As we passed Wilson Park, with several basketball courts practically underneath the highway, he opined, “For us suburban white middle-class suburbanites, this is pretty ugly. But, you know, if you want to play basketball in Wilson Park, hell, you just walk across Almond Street,” by which he meant the road directly underneath the highway featuring 40 mph two-way traffic and traffic lights timed for car traffic, not pedestrians.
When I asked about the health implications of having children play right under a highway with cars and heavy duty trucks constantly roaring just overhead, Lewis had an answer for that too.
“Instead of removing barriers, it’s going to put a tremendous number of cars in this neighborhood,” Lewis contended, as traffic is moved from the highway to the neighborhood streets. “Bad news.”
It’s a line I’d heard from other I-81 supporters, but it’s one NYSDOT’s analysis again doesn’t agree with. It fails to account for the diverted traffic that will loop around the city and no longer pass through the neighborhood (ironically, this diversion of traffic Save 81 fails to account for in this context is the basis of their argument for lost business income and tax revenue). NYSDOT projects about 12 percent of all I-81 traffic will be diverted around the city under the community grid plan, including 65 percent of northbound truck traffic in the mornings. NYSDOT’s environmental impact analysis further found that the community grid would have lower emissions and particulate matter throughout most of the neighborhood than the viaduct option.
Yet Colleen Gunnip, town supervisor for Salina just outside of Syracuse, believes the community grid would be worse for the South Side and for the entire region. She told me she thinks NYSDOT have wanted to do the grid all along because it’s just cheaper than rebuilding the viaduct.
“I kind of feel as if they already had a preconceived notion of what they were looking to do,” Gunnip said recently, calling all the community meetings with large maps, printouts, and NYSDOT staffers on hand to answer questions “a dog and pony show.”
Mark Frechette, the I-81 project manager for NYSDOT, says yes, the grid would be cheaper than the other options, but adds there are other benefits, too: construction would not last as long, it doesn’t require taking anybody’s home, is better for the environment, and frees up prime real estate adjacent to major employment centers for development, which would add to the city’s tax base rather than detract from it.
When I asked Frechette if NYSDOT has preferred the grid since the beginning as Gunnip suspects, he replied that his office thoroughly considered all options and is recommending the grid because they believe it to be the best choice. He added that some groups have been making his office’s job harder by spreading disinformation. He didn’t name a specific group, but an example he gave had to do with a common anti-grid falsehood that claims the diverted traffic to the loop around the city will cause asthma in areas several miles from the highway due to increased traffic. To anyone who thinks NYSDOT has an alternative agenda, Frechette asks them to “look at the facts.”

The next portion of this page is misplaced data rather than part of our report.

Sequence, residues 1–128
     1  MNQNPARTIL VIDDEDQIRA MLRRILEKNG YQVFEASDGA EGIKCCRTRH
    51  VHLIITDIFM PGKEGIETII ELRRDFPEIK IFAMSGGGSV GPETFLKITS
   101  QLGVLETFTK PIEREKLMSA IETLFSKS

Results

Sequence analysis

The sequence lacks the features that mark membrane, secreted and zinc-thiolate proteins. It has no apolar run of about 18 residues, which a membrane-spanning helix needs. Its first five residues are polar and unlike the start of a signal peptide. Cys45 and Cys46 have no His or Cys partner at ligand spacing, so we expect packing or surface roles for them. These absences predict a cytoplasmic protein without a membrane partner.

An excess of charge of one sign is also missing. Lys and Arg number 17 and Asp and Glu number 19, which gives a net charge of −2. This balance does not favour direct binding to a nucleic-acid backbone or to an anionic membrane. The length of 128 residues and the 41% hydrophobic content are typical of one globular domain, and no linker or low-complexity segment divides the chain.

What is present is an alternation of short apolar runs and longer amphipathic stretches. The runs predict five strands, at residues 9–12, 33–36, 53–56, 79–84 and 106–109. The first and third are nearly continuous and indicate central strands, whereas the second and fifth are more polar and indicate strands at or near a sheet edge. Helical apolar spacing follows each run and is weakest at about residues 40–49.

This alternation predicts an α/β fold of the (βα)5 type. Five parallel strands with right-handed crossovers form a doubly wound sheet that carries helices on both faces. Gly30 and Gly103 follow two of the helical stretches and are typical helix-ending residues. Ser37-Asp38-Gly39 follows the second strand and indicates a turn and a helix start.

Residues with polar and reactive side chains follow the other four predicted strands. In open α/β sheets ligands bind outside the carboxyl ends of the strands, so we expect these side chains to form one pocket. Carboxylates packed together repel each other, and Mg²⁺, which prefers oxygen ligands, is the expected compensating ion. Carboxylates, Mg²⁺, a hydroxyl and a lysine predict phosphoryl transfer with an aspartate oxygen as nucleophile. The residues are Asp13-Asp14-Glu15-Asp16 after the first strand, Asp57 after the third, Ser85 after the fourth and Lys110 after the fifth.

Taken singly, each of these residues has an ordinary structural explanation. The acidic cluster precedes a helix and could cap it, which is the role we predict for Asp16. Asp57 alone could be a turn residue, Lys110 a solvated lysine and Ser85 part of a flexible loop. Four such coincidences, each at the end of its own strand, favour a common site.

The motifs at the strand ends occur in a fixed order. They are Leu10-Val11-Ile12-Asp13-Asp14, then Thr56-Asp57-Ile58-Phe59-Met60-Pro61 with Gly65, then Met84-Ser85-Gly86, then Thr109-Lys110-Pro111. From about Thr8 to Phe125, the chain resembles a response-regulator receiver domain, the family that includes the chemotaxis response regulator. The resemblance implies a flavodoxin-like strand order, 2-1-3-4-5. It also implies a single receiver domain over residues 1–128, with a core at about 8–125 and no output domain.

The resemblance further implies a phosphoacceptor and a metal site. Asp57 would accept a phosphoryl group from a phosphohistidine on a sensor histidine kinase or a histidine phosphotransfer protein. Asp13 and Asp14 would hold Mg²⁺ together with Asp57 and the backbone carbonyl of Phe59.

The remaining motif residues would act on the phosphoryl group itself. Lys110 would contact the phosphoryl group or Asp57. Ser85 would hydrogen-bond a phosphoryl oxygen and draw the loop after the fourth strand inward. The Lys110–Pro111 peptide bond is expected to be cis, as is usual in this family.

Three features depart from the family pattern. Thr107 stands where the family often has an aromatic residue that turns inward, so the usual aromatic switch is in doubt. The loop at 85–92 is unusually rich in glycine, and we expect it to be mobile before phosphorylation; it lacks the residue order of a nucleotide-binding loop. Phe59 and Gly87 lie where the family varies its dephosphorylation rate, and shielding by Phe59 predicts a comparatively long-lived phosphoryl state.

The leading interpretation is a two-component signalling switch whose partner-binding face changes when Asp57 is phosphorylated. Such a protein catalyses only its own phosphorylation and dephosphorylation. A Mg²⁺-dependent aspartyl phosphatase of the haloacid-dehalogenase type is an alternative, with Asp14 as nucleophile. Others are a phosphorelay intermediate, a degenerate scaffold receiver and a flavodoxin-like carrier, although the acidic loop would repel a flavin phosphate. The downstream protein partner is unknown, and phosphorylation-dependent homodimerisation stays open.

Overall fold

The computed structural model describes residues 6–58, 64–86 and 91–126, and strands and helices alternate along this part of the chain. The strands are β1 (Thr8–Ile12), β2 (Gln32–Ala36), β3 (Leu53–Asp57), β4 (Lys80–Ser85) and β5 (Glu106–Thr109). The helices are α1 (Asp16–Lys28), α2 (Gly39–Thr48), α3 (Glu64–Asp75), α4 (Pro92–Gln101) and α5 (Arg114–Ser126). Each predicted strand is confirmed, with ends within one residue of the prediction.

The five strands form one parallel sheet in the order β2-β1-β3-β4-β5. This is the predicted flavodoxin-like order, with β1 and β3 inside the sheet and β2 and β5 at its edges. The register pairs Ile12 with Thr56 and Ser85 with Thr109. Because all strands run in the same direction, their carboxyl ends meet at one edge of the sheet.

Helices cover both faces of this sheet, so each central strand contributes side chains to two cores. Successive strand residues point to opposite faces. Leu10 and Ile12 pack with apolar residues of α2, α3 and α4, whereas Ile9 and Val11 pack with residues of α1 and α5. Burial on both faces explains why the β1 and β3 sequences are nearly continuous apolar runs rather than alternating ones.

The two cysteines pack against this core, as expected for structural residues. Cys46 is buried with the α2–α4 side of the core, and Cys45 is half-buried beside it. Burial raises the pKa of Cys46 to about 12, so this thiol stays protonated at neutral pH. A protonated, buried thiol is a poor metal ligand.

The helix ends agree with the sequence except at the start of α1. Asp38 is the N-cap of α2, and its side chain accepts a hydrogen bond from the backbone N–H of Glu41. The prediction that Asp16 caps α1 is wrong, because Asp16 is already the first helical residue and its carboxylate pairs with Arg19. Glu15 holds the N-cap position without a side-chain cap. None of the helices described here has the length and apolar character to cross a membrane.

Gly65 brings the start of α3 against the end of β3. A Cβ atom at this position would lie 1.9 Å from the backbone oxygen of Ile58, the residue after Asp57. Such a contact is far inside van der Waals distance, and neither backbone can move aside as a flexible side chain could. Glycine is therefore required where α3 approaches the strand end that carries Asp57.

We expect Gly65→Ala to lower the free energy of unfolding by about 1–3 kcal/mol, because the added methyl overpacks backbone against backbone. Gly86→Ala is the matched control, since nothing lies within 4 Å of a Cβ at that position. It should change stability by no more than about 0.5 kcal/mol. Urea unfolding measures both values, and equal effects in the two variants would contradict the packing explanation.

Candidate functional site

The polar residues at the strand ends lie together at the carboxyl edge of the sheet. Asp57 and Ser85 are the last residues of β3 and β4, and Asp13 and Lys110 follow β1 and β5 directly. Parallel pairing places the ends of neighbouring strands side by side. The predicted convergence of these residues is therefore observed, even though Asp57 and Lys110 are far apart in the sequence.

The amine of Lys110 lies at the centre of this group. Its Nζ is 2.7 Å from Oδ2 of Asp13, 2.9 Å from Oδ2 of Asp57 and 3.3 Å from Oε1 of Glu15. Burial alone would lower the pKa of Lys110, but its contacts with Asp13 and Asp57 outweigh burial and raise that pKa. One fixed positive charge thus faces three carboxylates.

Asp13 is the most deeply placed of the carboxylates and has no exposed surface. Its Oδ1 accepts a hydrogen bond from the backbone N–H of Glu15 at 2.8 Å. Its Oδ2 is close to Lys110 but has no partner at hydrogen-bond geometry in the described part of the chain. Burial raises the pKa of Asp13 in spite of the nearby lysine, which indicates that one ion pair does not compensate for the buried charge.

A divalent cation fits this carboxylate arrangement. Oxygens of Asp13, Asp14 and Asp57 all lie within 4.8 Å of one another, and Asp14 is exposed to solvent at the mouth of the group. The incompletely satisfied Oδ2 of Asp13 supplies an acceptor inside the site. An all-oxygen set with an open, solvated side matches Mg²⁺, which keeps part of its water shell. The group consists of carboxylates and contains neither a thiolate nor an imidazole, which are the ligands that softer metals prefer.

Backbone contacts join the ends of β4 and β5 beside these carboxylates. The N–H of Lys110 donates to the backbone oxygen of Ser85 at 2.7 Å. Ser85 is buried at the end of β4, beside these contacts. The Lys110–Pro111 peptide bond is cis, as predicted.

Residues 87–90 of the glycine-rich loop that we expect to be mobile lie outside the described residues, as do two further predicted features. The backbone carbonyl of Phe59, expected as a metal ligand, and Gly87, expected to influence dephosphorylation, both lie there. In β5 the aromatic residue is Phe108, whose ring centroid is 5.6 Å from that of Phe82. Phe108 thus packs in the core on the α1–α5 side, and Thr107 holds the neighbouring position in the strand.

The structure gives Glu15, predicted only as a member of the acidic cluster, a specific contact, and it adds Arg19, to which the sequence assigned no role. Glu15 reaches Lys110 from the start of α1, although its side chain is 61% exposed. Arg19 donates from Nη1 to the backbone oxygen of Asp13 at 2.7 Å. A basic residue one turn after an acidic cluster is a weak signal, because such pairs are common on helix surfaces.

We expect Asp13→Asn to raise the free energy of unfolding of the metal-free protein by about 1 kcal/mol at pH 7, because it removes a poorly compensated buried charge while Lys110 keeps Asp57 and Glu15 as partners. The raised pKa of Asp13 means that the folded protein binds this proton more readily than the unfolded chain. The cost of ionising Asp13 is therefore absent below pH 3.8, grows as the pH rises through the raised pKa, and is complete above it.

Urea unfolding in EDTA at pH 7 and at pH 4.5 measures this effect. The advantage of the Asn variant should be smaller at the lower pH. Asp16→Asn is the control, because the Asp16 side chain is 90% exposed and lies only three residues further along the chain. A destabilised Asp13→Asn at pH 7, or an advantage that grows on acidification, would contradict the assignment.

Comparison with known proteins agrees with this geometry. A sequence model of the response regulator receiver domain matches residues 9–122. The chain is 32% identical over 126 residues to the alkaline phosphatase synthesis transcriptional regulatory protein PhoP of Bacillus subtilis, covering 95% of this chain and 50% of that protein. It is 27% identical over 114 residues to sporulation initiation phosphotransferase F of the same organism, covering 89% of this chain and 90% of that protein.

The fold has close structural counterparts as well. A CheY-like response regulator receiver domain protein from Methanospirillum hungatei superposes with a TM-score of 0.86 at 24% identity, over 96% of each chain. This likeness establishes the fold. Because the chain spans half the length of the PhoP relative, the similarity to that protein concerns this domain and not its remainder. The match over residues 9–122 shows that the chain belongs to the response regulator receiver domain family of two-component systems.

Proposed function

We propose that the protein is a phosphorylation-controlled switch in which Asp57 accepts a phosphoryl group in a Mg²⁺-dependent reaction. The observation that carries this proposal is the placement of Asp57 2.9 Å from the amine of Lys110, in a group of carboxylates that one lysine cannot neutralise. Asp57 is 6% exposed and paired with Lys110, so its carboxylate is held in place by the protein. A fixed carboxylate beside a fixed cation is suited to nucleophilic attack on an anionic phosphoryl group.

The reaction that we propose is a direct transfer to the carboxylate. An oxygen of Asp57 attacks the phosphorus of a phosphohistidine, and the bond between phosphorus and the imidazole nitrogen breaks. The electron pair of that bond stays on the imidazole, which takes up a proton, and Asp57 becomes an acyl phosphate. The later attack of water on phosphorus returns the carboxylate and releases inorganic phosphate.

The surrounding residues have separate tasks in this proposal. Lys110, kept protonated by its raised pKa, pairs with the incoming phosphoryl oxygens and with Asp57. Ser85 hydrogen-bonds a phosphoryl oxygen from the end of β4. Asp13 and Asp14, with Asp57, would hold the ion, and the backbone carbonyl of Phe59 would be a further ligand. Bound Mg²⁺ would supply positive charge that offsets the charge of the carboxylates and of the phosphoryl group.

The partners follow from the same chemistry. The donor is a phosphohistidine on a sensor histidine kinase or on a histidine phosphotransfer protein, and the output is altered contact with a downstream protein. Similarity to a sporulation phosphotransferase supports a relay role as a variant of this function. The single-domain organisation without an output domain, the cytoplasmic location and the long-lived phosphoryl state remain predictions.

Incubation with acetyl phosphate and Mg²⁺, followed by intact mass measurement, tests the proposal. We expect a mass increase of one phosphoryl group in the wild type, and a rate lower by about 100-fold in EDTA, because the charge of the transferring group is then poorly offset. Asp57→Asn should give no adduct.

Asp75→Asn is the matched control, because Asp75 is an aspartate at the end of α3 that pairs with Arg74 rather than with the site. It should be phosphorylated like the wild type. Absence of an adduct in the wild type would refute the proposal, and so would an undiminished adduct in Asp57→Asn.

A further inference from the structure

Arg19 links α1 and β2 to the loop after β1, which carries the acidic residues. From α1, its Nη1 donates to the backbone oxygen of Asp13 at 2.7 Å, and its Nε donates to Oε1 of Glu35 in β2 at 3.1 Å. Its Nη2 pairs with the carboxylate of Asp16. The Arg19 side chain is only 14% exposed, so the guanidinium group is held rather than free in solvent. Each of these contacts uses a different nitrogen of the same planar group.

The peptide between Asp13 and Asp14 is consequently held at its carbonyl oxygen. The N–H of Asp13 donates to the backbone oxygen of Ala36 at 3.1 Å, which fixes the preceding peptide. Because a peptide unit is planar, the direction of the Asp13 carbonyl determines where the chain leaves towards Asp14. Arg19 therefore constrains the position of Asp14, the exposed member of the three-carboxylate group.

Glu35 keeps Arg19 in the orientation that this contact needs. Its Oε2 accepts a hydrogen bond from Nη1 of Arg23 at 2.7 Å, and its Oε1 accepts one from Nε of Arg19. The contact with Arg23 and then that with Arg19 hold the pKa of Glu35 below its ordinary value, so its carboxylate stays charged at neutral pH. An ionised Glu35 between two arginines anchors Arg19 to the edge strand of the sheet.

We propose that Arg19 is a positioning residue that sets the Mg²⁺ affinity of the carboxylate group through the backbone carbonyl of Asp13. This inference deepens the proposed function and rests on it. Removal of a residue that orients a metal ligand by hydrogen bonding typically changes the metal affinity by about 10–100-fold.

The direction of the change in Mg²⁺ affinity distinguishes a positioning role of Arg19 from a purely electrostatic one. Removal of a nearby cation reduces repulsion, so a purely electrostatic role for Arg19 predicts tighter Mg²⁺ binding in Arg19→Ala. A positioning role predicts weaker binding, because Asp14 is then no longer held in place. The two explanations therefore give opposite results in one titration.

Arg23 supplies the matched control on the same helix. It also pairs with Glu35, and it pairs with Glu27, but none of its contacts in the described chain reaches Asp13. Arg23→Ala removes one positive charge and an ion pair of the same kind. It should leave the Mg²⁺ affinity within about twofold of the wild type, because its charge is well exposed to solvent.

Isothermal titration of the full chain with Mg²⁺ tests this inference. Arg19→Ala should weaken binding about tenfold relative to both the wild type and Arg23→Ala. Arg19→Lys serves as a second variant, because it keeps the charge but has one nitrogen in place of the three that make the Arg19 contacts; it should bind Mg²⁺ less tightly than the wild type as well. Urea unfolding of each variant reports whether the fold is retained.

Meanwhile, South Siders had a hard time trusting the government because of their own experiences with discrimination and the history of the 15th Ward. Pierce-El summarized the trust issue as: “We have been bamboozled for so long, you know? Not just from African American politicians but politicians in general. They start something, they tell you what they’re going to do, but then in the end, they disappear.”
Hudson, although a politician herself, expressed similar sentiments. “We’re talking about a community that’s beat down. We’ve been beat down for decades. And when you have a community that has just been beat to the point where they just can’t be beat anymore...” she trailed off, before punctuating, “We’re humble people.”
In fact, South Siders are often taken aback by Chaplin’s question of what they would want out of the project. One man at a weekly community workshop held by NYCLU answered the question by rambling, “I don’t even know how to ask what should be done, you know what I mean? I don’t even know where to go. The information that you just told me, the information you just gave me, I wouldn’t know how to say what to ask for.” Chaplin later told me the most common requests she gets are for air conditioners.
This is in stark contrast to Save 81’s ask, which countered the rebuild vs. community grid choice presented in 2015 with a third “hybrid” option to dig a tunnel for through traffic while building a grid on top of it. They successfully lobbied Governor Andrew Cuomo’s office to fund a multi-million dollar engineering study of the hybrid option, which found it technically possible to do, but NYSDOT later determined it would cost an estimated $4 billion, more than twice as expensive as each of the other options ($1.4 billion for the community grid and $1.7 billion to rebuild the viaduct). In other words, their “ask” was for at least 2.3 billion additional dollars, mostly from the federal government.